Catherine
I was falling asleep last night when I realized what a deft and meaningful thing Erdrich does in this book. By anchoring the book's beginning and end in the experience of Faye, a white woman (by culture, even if her bloodline does contain Ojibwe ancestors) Erdrich demonstrates how it's possible to love nature deeply, to revere the silence of open spaces, to believe in spirits and the agency of the dead - all without appropriating Native culture to do it. As the person who finds the drum of the b ...more
Teresa
"Life will break you. Nobody can protect you from that, and living alone won't either, for solitude will also break you with its yearning. You have to love. You have to feel. It is the reason you are here on earth. You are here to risk your heart. You are here to be swallowed up. And when it happens that you are broken, or betrayed, or left, or hurt, or death brushes near, let yourself sit by an apple tree and listen to the apples falling all around you in heaps, wasting their sweetness. Tell yo ...more
Chana
The best thing about this book is the author's sense of humor. I almost choked on my coffee a few times when she came up with unexpected bits of funny. Her scene with Kit Tantro and the Winnebagos was really charming and laugh out loud funny.
What I didn't like was the abrupt change in time, location and character. For a simple book one had to be paying attention to not be saying, "who is John?"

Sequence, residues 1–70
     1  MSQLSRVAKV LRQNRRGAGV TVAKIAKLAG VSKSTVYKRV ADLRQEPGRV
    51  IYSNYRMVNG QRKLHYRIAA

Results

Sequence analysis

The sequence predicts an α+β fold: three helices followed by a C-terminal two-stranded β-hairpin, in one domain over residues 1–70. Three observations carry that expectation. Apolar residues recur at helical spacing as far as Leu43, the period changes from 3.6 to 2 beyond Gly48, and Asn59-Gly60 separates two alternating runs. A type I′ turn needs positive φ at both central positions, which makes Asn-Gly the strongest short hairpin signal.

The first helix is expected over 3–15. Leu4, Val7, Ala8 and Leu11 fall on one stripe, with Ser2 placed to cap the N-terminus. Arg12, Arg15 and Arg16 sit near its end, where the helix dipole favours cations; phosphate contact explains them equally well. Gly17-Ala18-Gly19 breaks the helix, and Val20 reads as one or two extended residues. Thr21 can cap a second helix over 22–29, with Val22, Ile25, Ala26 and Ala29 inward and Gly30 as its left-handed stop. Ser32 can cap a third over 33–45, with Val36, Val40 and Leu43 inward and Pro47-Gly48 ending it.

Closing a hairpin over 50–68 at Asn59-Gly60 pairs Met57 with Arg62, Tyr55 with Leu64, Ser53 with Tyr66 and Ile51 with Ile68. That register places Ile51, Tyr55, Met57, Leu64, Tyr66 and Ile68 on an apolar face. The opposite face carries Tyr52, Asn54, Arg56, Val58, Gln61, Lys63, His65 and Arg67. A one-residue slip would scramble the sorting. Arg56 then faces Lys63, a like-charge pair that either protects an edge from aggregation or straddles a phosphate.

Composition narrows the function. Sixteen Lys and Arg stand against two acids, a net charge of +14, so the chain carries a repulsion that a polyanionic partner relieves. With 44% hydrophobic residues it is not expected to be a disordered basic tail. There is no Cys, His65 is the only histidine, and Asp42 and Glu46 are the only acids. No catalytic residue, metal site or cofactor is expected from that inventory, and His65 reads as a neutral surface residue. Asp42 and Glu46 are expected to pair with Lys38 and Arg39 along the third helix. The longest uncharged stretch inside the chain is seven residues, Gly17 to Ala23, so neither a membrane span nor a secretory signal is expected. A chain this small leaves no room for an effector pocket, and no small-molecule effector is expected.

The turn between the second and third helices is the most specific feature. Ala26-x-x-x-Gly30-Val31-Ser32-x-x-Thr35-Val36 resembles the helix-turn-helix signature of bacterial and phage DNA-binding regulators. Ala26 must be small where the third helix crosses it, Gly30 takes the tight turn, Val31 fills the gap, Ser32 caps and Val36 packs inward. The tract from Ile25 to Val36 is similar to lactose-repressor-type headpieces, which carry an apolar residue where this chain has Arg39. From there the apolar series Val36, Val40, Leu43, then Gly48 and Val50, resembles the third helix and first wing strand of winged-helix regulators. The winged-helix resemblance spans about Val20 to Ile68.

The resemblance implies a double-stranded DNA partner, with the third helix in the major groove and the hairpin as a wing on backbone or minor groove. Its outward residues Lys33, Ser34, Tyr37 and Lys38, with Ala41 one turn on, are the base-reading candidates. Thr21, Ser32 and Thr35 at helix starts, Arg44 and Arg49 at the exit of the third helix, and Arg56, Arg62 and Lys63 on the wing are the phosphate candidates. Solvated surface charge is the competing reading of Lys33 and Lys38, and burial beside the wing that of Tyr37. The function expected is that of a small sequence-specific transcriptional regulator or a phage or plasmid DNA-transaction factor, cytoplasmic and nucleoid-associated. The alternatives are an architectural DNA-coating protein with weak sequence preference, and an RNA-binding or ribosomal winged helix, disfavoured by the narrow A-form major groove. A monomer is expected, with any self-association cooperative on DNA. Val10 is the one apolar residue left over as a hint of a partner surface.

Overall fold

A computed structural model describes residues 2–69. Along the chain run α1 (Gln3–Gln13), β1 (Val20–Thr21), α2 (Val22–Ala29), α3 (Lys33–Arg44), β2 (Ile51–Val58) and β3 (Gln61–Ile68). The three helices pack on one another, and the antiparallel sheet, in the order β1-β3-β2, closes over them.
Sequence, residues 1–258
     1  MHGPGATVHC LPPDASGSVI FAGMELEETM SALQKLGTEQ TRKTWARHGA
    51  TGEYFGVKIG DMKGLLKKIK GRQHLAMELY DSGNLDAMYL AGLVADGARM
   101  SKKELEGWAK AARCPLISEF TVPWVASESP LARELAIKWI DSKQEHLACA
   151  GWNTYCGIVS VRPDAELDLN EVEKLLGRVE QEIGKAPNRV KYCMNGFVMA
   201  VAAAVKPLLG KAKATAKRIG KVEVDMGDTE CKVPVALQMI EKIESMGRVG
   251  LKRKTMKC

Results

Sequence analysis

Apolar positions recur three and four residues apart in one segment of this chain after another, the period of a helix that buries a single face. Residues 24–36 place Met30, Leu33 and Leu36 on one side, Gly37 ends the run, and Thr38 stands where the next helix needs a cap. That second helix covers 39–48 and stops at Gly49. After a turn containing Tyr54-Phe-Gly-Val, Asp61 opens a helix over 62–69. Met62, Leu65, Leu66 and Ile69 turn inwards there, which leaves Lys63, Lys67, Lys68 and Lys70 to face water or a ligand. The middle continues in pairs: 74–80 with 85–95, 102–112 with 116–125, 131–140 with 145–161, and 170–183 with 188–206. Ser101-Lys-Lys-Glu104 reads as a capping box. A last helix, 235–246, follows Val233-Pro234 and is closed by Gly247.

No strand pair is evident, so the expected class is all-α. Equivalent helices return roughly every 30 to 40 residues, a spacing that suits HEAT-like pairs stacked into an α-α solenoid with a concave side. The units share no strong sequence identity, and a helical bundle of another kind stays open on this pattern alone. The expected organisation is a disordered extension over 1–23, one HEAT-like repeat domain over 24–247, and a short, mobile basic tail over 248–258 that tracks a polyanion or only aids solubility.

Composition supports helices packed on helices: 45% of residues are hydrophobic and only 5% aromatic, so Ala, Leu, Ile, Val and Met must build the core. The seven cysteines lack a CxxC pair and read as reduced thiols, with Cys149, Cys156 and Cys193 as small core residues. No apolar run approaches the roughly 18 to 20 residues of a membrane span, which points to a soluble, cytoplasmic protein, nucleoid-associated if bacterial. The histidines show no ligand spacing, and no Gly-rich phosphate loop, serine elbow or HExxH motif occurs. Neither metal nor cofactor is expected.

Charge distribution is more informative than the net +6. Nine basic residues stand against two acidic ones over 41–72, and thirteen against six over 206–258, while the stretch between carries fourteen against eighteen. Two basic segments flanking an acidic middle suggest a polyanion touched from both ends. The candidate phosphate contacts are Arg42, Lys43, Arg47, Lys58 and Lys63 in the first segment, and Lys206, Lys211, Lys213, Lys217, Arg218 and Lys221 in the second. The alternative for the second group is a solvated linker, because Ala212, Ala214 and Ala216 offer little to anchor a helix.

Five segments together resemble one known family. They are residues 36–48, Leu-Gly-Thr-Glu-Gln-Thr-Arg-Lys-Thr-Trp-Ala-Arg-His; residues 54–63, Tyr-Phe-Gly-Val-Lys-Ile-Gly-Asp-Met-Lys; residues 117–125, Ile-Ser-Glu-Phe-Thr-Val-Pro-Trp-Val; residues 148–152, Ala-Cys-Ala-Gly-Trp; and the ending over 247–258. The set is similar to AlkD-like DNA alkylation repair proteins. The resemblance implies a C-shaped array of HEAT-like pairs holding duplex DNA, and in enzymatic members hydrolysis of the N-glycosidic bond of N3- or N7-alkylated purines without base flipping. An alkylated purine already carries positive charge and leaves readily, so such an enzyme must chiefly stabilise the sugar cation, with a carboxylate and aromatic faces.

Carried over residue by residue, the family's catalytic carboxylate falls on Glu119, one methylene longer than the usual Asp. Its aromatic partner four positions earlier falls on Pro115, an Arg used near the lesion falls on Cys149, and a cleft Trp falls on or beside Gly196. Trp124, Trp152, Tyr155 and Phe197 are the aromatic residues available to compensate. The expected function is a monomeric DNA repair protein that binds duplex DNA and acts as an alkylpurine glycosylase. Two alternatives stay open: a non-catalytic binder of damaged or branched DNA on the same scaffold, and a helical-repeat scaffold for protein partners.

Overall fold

I also wish I knew what happened with Morris and Ira, there is an unfinished feel to some of the chara
...more
Susan
Initially I was enchanted with The Painted Drum. I found the first character’s musing interesting and the language in places was stunning. She described the eyes of a character as “peach-colored granite with specs of angry mica”. I was also intrigued by the theme of life and death, the presence of the dead in the lives of the living, particularly as influenced by Ojibwe thought.

But I was ultimately disappointed. Once the narration passed from Faye to the Ojibwe on the North Dakota reservation, I
...more
Christina
The bare bones of the plot summary in this book's jacket notes made me slow to begin reading, because they suggested an elegy. But although the story includes tragedy and sadness, the mood is far from elegaic. There are many interesting and lively characters and relationships, some based in the present time and others in recent history. Some of the characters show cruelty and depravity; all are flawed but all show redeeming qualities. Relationships aren't static, but evolve in interesting ways. ...more
Mary Taitt
The Painted Drum, by Louise Erdrich 10/10 (5/5)

I know I say this about many of the books I read, but I REALLY liked this book. I liked it so much that I intend to reread it sometime soon, after it has a chance to settle somewhat. Like many of Erdrich's books, this one is about Native Americans, and the voice feels authentic and human. It is divided in four parts. In the first, we meet a mother daughter team who deals with people's estates after they die, or go in a nursing home, etc. We also lea
...more
Vivienne
I found this a beautifully written tale or rather series of tales around the theme of a Native American drum. The other running theme is death and bereavement as various characters come to terms with the tragic deaths of sisters and daughters.